University of Minnesota
Software Engineering Center

You are here

Research Seminar: End-to-End Verified Compositional Compilation to Machine Code

Date of Event: 
Tuesday, December 10, 2019 - 10:00am to 11:00am
6-212 Keller Hall, 200 Union Street S.E., Minneapolis, MN 55455

Speaker: Dr. Yuting Wang

Abstract: A key ingredient contributing to the success of CompCert, the state-of-the-art verified compiler for C, is its block-based memory model, which is used uniformly for all of its languages and their verified compilation. However, CompCert's memory model lacks an explicit notion of stack. Its target assembly language represents the runtime stack as an unbounded list of memory blocks, making further compilation of CompCert assembly into more realistic machine code difficult since it is not possible to merge these blocks into a finite and continuous stack. Furthermore, various notions of verified compositional compilation rely on some kind of mechanism for protecting private stack data and enabling modification to the public stack-allocated data, which is lacking in the original CompCert. These problems have been investigated but not fully addressed before, in the sense that some advanced optimization passes that significantly change the ways stack blocks are (de-)allocated, such as tailcall recognition and inlining, are often omitted.

We propose a lightweight and complete solution to the above problems. It is based on the enrichment of CompCert's memory model with an abstract stack that keeps track of the history of stack frames to bound the stack consumption and that enforces a uniform stack access policy by assigning fine-grained permissions to stack memory. Using this enriched memory model for all the languages of CompCert, we are able to reprove the correctness of the _full_ compilation chain of CompCert, including all the optimization passes. In the end, we get Stack-Aware CompCert, a complete extension of CompCert that compiles to an assembly language with a realistic stack model and that supports a form of compositional compilation called _contextual compilation_ by exploiting the uniform stack-access policy. Based on Stack-Aware CompCert, we further develop CompCertElf, the first extension of CompCert that compiles to a standard binary file format, i.e, the ELF object format.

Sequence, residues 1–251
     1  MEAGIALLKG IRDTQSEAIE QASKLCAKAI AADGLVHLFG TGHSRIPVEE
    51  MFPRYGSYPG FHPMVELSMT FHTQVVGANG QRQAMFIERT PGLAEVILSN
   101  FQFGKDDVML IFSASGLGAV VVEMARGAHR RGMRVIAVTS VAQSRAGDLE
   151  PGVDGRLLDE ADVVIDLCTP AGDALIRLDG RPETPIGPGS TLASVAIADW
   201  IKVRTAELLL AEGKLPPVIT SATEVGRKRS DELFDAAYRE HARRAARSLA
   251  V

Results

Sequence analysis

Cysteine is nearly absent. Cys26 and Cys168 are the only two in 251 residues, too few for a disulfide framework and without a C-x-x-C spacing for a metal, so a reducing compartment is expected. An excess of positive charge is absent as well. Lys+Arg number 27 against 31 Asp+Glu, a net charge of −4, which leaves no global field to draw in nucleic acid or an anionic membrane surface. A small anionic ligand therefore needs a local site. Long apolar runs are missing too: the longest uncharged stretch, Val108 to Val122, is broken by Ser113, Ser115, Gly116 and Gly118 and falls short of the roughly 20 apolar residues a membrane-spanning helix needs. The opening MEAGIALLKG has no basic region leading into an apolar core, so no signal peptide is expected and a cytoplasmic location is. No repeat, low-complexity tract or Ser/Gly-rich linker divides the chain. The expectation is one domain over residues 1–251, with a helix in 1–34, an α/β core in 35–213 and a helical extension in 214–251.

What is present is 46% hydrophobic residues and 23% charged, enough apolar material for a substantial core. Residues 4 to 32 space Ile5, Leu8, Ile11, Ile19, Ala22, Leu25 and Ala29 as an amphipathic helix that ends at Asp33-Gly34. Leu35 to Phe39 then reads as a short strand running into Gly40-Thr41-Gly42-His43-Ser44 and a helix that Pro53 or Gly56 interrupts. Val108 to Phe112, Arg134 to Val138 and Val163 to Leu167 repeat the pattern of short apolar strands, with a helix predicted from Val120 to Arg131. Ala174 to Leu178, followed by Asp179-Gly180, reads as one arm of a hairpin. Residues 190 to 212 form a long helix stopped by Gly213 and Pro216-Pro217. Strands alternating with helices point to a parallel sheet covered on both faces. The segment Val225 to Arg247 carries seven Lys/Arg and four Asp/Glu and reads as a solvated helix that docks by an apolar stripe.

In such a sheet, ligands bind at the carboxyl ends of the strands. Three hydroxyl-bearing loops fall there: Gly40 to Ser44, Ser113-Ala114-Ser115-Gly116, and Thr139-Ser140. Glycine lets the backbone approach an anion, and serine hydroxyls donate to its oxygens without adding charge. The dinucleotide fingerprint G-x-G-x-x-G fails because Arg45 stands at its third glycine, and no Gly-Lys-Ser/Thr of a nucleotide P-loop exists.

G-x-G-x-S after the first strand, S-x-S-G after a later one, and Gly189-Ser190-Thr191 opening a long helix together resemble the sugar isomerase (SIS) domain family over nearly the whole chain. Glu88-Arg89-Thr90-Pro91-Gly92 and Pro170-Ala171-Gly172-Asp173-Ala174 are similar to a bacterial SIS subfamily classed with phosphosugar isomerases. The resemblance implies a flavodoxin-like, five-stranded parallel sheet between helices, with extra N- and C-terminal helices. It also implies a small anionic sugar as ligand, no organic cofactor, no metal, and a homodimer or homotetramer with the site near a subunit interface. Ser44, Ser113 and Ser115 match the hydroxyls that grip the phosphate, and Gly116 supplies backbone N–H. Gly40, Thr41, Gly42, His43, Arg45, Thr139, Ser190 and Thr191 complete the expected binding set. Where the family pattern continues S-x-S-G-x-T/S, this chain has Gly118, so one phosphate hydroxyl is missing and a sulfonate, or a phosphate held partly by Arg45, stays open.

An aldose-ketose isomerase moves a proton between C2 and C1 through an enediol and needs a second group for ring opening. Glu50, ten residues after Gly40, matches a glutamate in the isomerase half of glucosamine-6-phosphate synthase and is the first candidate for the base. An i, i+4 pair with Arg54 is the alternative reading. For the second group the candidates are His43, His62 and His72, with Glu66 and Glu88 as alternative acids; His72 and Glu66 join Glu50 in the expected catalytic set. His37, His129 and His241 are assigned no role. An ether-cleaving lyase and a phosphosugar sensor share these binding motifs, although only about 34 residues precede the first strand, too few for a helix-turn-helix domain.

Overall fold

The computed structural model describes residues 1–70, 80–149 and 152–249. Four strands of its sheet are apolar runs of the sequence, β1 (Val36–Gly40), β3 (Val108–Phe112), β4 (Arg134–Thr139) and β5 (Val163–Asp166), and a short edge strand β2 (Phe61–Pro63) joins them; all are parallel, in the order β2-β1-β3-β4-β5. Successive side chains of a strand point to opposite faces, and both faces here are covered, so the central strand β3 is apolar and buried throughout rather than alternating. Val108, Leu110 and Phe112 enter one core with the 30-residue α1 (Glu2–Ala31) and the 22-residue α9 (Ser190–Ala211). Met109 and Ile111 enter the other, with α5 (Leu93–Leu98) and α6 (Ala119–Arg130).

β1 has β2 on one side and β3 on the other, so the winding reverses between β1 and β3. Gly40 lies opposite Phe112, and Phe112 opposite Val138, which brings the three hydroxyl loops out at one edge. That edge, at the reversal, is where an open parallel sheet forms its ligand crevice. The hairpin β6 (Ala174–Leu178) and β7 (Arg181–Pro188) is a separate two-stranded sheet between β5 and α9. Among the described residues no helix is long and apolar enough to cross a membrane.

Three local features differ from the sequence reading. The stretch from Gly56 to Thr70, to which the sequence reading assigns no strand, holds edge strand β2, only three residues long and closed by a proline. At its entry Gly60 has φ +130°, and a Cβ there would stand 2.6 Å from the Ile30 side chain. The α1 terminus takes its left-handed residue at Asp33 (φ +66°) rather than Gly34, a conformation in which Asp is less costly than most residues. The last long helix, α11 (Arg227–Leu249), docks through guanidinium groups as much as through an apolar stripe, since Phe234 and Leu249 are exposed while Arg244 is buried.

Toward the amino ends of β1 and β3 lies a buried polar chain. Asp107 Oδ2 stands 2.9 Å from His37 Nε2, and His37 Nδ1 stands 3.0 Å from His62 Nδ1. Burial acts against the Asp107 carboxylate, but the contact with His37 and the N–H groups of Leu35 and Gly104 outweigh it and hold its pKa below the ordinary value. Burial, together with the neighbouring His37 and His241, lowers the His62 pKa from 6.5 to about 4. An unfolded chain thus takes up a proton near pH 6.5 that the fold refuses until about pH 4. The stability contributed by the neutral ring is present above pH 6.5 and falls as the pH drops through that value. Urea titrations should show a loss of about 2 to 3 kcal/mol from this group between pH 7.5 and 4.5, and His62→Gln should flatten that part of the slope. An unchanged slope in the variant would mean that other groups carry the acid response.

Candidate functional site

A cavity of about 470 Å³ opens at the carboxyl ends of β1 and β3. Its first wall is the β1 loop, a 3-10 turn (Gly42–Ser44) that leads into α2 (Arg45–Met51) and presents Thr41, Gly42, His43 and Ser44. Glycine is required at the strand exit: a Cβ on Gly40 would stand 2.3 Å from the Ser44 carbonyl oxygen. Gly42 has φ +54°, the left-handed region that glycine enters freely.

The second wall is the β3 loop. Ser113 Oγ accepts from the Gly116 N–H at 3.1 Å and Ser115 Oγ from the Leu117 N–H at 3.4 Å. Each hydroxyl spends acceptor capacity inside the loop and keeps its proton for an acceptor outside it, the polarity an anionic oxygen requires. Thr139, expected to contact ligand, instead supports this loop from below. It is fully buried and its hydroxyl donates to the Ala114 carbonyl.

Speaker Bio: Yuting Wang is currently an associate research scientist at Yale University, working in Dr. Zhong Shao's group. He will be joining the John Hopcroft Center for Computer Science at the Shanghai Jiao Tong University, China as a tenure-tracked associate professor in March 2020. Prior to Yale, he was a Ph.D. student at the University of Minnesota, Twin Cities, supervised by Dr. Gopalan Nadathur. His research interests include the theory, implementation and application of programming languages and verification frameworks. In particular, he is interested in the methodologies and tools for verification of system software such as compilers and operating systems. He is currently part of the DeepSpec project, an "Expedition in Computing" funded by NSF and jointly carried out by Yale University, Princeton University, University of Pennsylvania and MIT. His main focus in this project is to provide verified compilation support that connects the verification efforts at different levels together, such as connecting verified compilers with formal semantics of different architectures including ARM, X86 and RISC-V and combination of the user-level verified programs with verified OS kernels. He is also a core developer of Abella, an interactive theorem prover particularly suitable for the formalization and verification of meta-properties of programming languages and logics.